The Museum of Flight is an unexpected treasure that caught me off guard. An impressive collection with over 150 aircraft and 25,000 smaller objects, I am sure there is something to catch everyone’s attention.
It seemed everywhere we turned we saw a record-breaker or a new (for its time) creation. There was a multitude of different planes, from the fastest, to human-powered, and to ones flown on by former presidents Eisenhower, Kennedy, and Johnson. Even rocket scientist hubby saw things he had only ever heard about before.
The most unique opportunity is a 30-minute shuttle trainer tour of an actual Full Fuselage Trainer (FFT). that was used by NASA astronauts to prepare for a Space Shuttle flight. There is more on this, plus photos below.
To be honest, I intended to stay for about 90 minutes. Four hours later, even I was still captivated, learning, and enjoying every moment. Huge planes hang overhead side by side with smaller ones, flight simulators allow visitors to fly (most for an extra fee), spacecraft link us to outer space, and the signage connects the craft to key moments in history.
A few of the really cool airplanes at the Museum of Flight, Seattle
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The world’s fastest and highest-flying
This particular Lockheed M-21 Blackbird is the sole survivor of its type. It is still the world’s fastest and highest-flying air-breathing production aircraft, the Blackbird series has cruising speeds of more than Mach 3 and the ability to fly at over 25,500 m (85,000 feet).
Pretty impressive for planes conceived almost 50 years ago. This one, built in 1963, has an interesting history including the CIA and drones. Read more about it here.
A human-powered plane
In 1979, the human-powered Gossamer Albatross successfully crossed the English Channel. The plane on display is the Gossamer Albatross II, built to identical specs as a backup plane, and used in some of NASA’s testing.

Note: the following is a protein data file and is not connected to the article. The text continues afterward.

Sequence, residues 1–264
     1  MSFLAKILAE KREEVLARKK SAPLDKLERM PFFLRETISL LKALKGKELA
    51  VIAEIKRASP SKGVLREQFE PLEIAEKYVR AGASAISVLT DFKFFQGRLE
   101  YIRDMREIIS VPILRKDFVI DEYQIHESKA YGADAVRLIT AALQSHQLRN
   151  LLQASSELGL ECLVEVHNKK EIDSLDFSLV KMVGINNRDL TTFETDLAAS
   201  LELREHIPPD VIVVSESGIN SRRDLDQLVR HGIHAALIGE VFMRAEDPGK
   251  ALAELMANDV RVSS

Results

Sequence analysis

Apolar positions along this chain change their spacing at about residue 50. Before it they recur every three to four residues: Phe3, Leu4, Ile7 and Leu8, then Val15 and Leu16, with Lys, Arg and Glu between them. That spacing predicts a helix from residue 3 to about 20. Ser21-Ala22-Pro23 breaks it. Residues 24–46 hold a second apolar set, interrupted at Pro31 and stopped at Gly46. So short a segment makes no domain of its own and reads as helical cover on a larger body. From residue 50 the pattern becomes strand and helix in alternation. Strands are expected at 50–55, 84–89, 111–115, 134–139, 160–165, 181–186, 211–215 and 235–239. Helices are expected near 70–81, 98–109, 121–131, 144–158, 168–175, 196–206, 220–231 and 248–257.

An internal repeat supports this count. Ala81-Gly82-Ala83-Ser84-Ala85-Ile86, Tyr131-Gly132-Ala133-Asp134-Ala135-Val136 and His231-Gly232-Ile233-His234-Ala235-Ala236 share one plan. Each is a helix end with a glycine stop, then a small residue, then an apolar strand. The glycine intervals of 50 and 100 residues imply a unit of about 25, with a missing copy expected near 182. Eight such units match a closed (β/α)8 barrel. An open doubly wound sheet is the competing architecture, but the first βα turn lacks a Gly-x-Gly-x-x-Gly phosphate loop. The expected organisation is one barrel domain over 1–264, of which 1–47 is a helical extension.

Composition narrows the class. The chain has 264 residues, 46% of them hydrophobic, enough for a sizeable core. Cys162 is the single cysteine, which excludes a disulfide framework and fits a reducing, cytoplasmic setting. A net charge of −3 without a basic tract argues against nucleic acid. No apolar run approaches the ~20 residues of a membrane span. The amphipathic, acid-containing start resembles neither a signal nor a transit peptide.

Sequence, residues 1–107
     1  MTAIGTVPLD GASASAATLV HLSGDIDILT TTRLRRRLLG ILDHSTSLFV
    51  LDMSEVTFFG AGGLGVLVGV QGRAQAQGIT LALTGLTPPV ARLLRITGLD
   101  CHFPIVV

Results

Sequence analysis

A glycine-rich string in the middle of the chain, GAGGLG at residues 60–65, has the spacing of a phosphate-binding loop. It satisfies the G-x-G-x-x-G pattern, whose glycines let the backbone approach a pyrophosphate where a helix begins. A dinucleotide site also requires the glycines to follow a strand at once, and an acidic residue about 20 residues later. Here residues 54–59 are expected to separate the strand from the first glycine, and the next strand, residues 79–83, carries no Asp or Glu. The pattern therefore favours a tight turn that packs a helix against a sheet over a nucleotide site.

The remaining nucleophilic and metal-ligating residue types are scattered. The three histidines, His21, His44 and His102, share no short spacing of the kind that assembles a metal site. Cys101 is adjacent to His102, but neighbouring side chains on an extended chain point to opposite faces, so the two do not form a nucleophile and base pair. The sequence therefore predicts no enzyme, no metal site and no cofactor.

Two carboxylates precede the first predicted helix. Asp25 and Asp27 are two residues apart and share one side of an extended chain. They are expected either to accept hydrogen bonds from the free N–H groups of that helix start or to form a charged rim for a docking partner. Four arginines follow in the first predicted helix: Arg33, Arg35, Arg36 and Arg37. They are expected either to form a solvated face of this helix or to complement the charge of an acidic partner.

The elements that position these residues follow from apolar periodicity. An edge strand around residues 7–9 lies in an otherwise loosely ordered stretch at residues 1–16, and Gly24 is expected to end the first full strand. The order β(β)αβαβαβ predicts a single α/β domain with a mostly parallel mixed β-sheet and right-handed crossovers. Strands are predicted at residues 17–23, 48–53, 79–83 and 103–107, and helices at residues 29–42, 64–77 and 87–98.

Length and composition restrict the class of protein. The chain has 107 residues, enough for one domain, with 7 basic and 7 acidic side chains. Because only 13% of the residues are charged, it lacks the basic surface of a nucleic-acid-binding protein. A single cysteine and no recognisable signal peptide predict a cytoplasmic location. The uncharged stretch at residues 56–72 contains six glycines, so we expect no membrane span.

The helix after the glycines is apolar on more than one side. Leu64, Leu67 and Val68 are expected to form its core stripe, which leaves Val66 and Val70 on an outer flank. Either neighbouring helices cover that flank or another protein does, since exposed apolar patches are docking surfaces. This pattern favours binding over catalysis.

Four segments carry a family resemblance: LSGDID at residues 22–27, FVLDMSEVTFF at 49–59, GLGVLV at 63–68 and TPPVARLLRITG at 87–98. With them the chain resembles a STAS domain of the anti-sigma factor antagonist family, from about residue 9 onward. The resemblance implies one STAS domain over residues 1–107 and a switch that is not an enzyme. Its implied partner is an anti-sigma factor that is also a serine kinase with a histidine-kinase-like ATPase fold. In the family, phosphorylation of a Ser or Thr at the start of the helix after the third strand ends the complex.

The first Airforce One jet
How often do we get to get on board Airforce One? Yet there it is, the first Airforce One sits in the Museum of Flight’s Airpark. Entering from the rear, we walked first through the press quarters, then the “flying oval office.”
It’s a modified Boeing 707 used during the Eisenhower, Kennedy, and Johnson administrations.
The world’s first fighter plane
This Caproni Ca.20 is the world’s first fighter plane. It is an original, an Italian fighter from 1914, and the oldest in the Museum of Flight collection.
Go inside the Full Fuselage Trainer (FFT) used by every NASA Space Shuttle astronaut
The most unique opportunity is a 30-minute shuttle trainer tour of the Full Fuselage Trainer (FFT). Every NASA astronaut that flew on the Space Shuttle used this FFT.
The cargo bay (in the photo just below), is open to the public. However, getting inside the FFT crew compartment requires a special tour. Be sure to check restrictions before you book. Tours are limited to six people per session, have lots of restrictions, and require an extra fee.
We joined a tour and got to go inside the Space Shuttle trainer crew compartment of the FFT. Just like the astronauts, we crawled in through the small, round hatch.
The space inside began to feel quite small after only a few minutes. I can’t imagine being in there with six other astronauts for multiple days (NASA would never have selected me for astronaut training).